Why Praise and Positive Reinforcement Matter

by Care Speech Pathology 
14 March 2022

Sometimes we notice behaviours in children that make us think: “I would love it if you did that all the time… not just every now and then!”.

The good news:

Studies have shown that praising and positively reinforcing your child in these moments can be very effective in promoting the desired behaviour long-term.

The not-so-good news:

Studies have shown that other common behaviour management strategies such as correcting, reprimanding, criticising or punishing your child for an undesired behaviour are far less likely to affect long-term change (of course, it may discourage them in the short-term, but don’t be surprised if the same thing happens next week!).

The tricky thing is we usually forget all about behaviour management strategies until something goes wrong – which is why even the kindest and most nurturing of parents are prone to catching themselves using one of the unhelpful strategies above in the heat of the moment. Sometimes we don’t even notice we are doing it. Have you ever been in a hurry and decided to take over what your child is doing to get it done faster? Or corrected your child’s sentence so that they know how to say it next time? We all have.

The good news is that the more we understand about praise and positive reinforcement, the more we can begin to implement these principles automatically into everyday life. There is no doubt that learning to praise your child in the right way will have a positive effect on their relationship with you – not to mention it will foster their confidence, self esteem, natural curiosity and motivation to learn!

What is praise and how do I do it?

Praise is when you demonstrate approval for something your child has done. In other words, you let the child know that you like their behaviour or actions.

Children of all ages can be praised: a toddler might be praised for putting away their toys while a teenager might be praised for completing their chores or sticking to their curfew. Examples of praise might include “Good job putting the toys back in the box, John!” or “Well done Sarah, you finished all of your chores!”.

It is important to remember that for praise to be effective, it must be specific. For example, praising a child by saying “Great job putting on your coat before we go out Joe!” is more effective than simply saying “Great job Joe!”. This is because in the first example Joe knows exactly what he did right and what you would like him to do again.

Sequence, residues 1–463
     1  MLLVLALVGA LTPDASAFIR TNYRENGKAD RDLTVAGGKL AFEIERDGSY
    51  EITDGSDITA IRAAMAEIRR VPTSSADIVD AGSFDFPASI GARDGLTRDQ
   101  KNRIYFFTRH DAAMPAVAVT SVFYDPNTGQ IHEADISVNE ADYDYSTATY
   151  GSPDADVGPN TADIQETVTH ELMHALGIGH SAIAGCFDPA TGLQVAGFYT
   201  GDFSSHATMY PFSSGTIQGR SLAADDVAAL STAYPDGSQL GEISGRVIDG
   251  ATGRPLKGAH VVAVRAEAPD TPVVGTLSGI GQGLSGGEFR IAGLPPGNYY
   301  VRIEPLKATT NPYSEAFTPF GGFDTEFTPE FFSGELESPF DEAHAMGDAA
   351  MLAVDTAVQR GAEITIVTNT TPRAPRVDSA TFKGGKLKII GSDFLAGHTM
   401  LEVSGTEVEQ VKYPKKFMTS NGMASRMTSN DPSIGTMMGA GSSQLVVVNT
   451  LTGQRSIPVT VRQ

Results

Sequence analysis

It is also important to praise effort over ability. This will help your child realise that you like it when they try hard, and they will be motivated to try hard again. If we only praise when a child succeeds in something, they are less likely to ‘give it a go’ next time for fear of making a mistake. You can still be specific when you are praising a child's effort by commenting on what they did well – for example “Wow, good job! The letter ‘a’ does have a circle in it – good remembering! It has a stick too. Let me show you”. This comment is going to be far more supportive for a child’s learning than “No, that’s not ‘a’. That’s ‘o’. Copy me again”. Remember – the very nature of childhood is that everything is new, and everything is hard! Your child will need a lot of learning time before they are able to master a new skill, but we can help them to get there faster by supporting them at every step of the way.

We can also give praise during a task – that is, before it is even complete. For example, if the task is to put away all of the toys but some of the toys are still scattered, you can provide early praise by saying “Wow, look how many toys you’ve put away! You’re doing a great job. Keep going – you’re nearly there!”. This ensures that your child will succeed and see the task through to completion. This is far preferable to your child becoming distracted halfway through and receiving negative feedback from you later on. It will also boost their confidence in their own skills and make them more likely to put all of the toys away again next time.

What is positive reinforcement and how do I do it?

A one-word explanation for positive reinforcement is reward. When a child engages in the desirable behavior, they are given a reward to reinforce that behaviour and are therefore encouraged to do it again.

When you think about it, positive reinforcement is not just for children – it’s all around us. Whenever adults go to work, they are engaging in a desired behaviour (providing a certain service) in exchange for a paycheck. The more desirable the paycheck is, the more motivated a person will be to do their job to the best of their ability. The same logic applies to children: whenever they are aware that a specified behaviour can lead to a reward, they are more likely to engage in that behaviour in order to receive that reward.